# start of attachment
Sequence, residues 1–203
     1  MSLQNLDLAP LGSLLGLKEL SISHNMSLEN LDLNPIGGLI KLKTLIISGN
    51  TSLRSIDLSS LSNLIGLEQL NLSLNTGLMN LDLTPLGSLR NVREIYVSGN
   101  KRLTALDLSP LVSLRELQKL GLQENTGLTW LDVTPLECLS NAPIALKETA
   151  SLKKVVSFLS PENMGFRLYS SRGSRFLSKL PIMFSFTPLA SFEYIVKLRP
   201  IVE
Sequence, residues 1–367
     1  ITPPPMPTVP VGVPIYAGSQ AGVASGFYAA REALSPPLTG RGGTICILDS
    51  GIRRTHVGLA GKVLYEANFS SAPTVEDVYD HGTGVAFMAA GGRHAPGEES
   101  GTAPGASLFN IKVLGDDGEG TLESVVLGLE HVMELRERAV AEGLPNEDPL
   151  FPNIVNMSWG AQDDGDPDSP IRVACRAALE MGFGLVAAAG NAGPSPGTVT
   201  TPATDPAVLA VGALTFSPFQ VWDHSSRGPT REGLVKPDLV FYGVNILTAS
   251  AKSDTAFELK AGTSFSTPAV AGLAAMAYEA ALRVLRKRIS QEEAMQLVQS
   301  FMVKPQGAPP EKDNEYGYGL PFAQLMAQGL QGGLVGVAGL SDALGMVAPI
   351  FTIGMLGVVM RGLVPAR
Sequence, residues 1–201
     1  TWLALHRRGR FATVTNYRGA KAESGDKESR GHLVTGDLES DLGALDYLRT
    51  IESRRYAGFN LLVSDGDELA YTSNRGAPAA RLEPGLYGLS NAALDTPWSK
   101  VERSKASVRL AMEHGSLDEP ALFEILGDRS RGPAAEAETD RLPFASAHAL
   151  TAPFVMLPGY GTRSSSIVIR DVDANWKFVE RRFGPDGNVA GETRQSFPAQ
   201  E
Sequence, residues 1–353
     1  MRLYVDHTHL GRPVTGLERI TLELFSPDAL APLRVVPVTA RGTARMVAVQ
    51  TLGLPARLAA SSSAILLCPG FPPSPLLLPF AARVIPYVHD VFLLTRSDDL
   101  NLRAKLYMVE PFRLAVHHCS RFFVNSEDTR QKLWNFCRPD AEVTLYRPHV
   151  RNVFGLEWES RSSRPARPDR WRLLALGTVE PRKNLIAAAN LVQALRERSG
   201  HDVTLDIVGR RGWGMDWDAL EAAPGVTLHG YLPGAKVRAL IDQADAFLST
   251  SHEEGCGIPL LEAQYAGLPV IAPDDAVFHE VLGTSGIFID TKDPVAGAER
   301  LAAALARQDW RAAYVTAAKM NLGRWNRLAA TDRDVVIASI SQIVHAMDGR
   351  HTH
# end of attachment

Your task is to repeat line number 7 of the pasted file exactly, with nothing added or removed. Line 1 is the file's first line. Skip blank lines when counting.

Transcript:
Sequence, residues 1–367